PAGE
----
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The problems listed below are intended as review problems to do before the

nal. They are organized in groups according to sections in my notes, but it is not

forbidden to use techniques from later sections (sometimes dramatically easier) to

solve earlier problems.

I emphatically do not imply that my solutions are unique or even the best solu-

tions to these problems. I hope, at least, that there are no erroneous solutions.

If you nd an error or typo, or have a better solution, be sure to let me know!

(i). Linear Equations and R

n

.

(a), (b) and (c) Solve:

_

1 2 3

1 5 6

_

_

_

x

y

z

_

_

=

_

3

7

_

and

_

1 2 3

1 2 3

_

_

_

x

y

z

_

_

=

_

3

7

_

and

_

1 2

3 4

__

x

y

_

=

_

3

7

_

.

Solutions:

(a)

_

1 2 3 3

1 5 6 7

_

_

1 2 3 3

0 7 9 10

_

_

1 2 3 3

0 1

9

7

10

7

_

_

1 0

3

7

1

7

0 1

9

7

10

7

_

.

We interpret this to mean x+

3

7

z =

1

7

and y+

9

7

z =

10

7

. Rewriting this parametrically

(set z = t) gives

_

_

x

y

z

_

_

=

_

_

_

_

1

7

10

7

0

_

_

_

_

+t

_

_

_

_

3

7

9

7

1

_

_

_

_

t is any real number.

(b)

_

1 2 3 3

1 2 3 7

_

_

1 2 3 3

0 0 0 4

_

. No solution.

(c)

_

1 2 3

3 4 7

_

_

1 2 3

0 2 2

_

_

1 2 3

0 1 1

_

_

1 0 1

0 1 1

_

. Solution:

_

x

y

_

=

_

1

1

_

Date: March 24, 2006.

1

2 REAL LINEAR ALGEBRA: PROBLEMS WITH SOLUTIONS

(ii). Parametric and Point-Normal Equations for Lines and Planes.

(a) Find parametric and point-normal forms for a line in R

2

through the point

(6, 4) and perpendicular to the vector (1, 3).

Solution: Parametric: Q(t) = (6, 4) +t (3, 1).

Point Normal: ( (x, y) (6, 4) ) (1, 3) = 0.

(b) Find parametric and point-normal forms for a plane containing the three

points (6, 4, 7), (0, 0, 1) and (1, 0, 2).

Solution: V = (6, 4, 7) (0, 0, 1) = (6, 4, 6) and W = (1, 0, 2) (0, 0, 1) =

(1, 0, 1) lie in the plane, head and tail. V W = (4, 12, 4).

Parametric: Q(s, t) = (0, 0, 1) +s (6, 4, 6) +t (1, 0, 1).

Point Normal: ( (x, y, z) (0, 0, 1) ) (4, 12, 4) = 0.

(iii). Linear Transformations from R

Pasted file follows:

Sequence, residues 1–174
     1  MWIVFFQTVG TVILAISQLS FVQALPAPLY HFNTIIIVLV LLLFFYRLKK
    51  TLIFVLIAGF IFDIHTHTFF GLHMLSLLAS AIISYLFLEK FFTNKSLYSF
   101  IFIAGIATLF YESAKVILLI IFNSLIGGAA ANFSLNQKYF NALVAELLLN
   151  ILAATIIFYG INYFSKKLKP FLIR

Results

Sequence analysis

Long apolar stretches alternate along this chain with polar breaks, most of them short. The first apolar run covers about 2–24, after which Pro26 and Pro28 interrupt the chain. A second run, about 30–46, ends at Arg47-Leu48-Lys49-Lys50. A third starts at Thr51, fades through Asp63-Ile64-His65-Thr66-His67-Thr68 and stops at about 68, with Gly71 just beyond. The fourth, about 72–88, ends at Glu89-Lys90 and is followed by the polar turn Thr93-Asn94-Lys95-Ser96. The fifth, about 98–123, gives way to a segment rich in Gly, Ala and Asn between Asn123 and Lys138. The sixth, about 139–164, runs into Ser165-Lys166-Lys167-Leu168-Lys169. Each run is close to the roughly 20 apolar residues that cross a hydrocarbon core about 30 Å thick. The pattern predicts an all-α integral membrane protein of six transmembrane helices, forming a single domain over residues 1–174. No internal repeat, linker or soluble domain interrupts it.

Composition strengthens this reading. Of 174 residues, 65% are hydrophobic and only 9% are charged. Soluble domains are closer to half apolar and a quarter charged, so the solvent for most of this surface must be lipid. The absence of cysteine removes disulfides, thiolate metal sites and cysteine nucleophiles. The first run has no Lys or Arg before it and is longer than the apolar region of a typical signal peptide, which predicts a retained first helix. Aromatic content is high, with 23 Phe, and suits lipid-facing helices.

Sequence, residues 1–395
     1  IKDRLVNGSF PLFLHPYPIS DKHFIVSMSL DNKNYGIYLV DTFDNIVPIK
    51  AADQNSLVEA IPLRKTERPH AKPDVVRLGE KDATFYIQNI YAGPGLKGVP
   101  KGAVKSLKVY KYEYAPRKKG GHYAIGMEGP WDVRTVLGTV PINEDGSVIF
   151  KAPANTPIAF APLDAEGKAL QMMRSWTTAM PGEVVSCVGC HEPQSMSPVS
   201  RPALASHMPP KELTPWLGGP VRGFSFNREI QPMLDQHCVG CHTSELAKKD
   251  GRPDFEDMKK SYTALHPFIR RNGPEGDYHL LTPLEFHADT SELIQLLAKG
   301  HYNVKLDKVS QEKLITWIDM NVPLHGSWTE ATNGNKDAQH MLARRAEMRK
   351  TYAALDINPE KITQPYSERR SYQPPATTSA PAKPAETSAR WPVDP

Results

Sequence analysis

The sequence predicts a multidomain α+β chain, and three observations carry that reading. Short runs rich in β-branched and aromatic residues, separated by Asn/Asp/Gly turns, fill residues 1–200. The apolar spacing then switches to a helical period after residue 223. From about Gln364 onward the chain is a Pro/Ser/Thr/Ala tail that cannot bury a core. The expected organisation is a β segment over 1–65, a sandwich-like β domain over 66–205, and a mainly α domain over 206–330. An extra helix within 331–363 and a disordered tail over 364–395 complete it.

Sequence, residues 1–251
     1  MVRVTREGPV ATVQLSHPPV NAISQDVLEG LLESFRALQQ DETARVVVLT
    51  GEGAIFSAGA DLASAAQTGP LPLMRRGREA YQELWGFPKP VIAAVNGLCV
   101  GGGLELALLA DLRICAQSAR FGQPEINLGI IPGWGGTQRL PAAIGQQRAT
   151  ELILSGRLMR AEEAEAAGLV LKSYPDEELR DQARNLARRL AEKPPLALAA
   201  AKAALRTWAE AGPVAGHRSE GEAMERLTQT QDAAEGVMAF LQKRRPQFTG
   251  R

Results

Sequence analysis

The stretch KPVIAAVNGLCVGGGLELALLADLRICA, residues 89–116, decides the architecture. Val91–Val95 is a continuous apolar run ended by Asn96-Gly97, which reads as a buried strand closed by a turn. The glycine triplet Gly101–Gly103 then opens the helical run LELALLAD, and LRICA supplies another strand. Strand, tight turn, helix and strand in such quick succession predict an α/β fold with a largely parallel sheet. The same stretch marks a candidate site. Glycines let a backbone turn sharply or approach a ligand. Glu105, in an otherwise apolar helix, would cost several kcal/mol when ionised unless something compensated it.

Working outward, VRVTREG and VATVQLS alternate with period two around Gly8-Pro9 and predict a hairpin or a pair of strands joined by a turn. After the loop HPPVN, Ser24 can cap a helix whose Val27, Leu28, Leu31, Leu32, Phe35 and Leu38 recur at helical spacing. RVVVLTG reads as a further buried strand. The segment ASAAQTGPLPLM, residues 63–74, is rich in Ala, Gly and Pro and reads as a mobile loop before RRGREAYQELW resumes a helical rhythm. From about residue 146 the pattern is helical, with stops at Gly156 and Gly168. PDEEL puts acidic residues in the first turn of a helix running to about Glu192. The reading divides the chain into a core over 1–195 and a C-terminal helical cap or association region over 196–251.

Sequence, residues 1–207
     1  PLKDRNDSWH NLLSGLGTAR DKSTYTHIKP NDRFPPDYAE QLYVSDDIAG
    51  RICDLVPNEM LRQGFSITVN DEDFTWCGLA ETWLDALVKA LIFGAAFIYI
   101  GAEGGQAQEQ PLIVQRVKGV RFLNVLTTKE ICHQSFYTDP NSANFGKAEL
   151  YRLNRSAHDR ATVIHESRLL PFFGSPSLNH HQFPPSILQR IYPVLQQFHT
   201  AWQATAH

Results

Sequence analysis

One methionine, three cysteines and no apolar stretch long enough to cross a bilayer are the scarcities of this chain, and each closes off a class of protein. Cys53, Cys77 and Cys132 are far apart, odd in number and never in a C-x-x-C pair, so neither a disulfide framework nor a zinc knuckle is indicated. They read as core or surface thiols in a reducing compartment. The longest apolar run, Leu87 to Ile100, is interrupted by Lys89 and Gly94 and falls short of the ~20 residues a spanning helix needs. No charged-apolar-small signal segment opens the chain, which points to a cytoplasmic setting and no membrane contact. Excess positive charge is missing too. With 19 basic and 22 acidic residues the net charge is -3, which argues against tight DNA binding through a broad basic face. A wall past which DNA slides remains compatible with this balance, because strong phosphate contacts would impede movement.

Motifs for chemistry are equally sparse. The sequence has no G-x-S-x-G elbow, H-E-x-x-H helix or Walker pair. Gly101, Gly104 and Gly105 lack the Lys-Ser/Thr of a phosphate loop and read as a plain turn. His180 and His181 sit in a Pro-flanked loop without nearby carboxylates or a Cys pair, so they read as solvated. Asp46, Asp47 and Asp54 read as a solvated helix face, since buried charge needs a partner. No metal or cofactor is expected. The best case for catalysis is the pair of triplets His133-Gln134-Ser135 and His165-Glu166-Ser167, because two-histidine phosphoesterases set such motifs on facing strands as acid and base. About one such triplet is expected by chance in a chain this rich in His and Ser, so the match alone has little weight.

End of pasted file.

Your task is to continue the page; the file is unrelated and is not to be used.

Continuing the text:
n

to R

m

.

(a), (b) and (c) Which of the following are linear? Justify your conclusion.

g

_

_

x

y

z

_

_

=

_

4

x +y

_

h

_

_

x

y

z

_

_

=

_

xy

x +y

_

f

_

_

x

y

z

_

_

=

_

z x

x +y

_

.

Solutions:

(a) Not linear, because g(0) = 0.

(b) Not linear. If linear, it would correspond to the matrix

( h(e

1

) h(e

2

) h(e

3

) ) =

_

0 0 0

1 1 0

_

.

However

_

0 0 0

1 1 0

_

_

_

x

y

z

_

_

=

_

0

x +y

_

=

_

xy

x +y

_

.

(c) Is linear: ( f(e

1

) f(e

2

) f(e

3

) )

_

_

x

y

z

_

_

=

_

1 0 1

1 1 0

_

_

_

x

y

z

_

_

=

_

z x

x +y

_

.

(iv). Eigenvalues.

(a), (b) and (c) Find real eigenvalues and associated eigenvectors (if any) for:

_

0 1

1 0

_ _

1 0

0 3

_

and

_

1 0

4 5

_

.

Solutions:

(a) det

_

1

1

_

=

2

+ 1 which has no real solutions. No real eigenvalues.

(b) det

_

+ 1 0

0 3

_

= ( + 1)( 3). Real eigenvalues: 1 and 3.

= 1 has eigenvector (1, 0). = 3 has eigenvector (0, 1).

REAL LINEAR ALGEBRA: PROBLEMS WITH SOLUTIONS 3

(c) det

_

1 0

4 5

_

= ( 1)( 5). Real eigenvalues: 1 and 5.

= 1 has eigenvector (1, 1). = 5 has eigenvector (0, 1).

(v). General Vector Spaces and Subspaces.

(a) Is the set of 3 by 3 matrices whose determinant is 0 a vector space with the

usual matrix addition and scalar multiplication?

Solution:

No: not closed under addition.

_

_

1 1 1

1 1 1

0 1 1

_

_

+

_

_

1 1 1

0 0 1

1 1 1

_

_

=

_

_

2 2 2

1 1 2

1 2 2

_

_

.

(b) Is the set of ordered pairs of integers a vector space with the usual operations?

Solution:

No: not closed under scalar multiplication.

1

2

(1, 1) =

_

1

2

,

1

2

_

.

(c) Prove that the eigenspace for a given eigenvalue of a square matrix is a vector

space.

Solution:

Suppose that v and w are eigenvectors for eigenvalue for matrix M and c is

any constant.

M(v +cw) = Mv +cMw = v +cw = (v +cw).

So v +cw is also an eigenvector for this eigenvalue.

(d) Is a plane in three dimensional space which contains the origin a subspace

of R

3

? What if it doesnt contain the origin?

Solution:

Yes: the equation of a plane through the origin can be written in normal form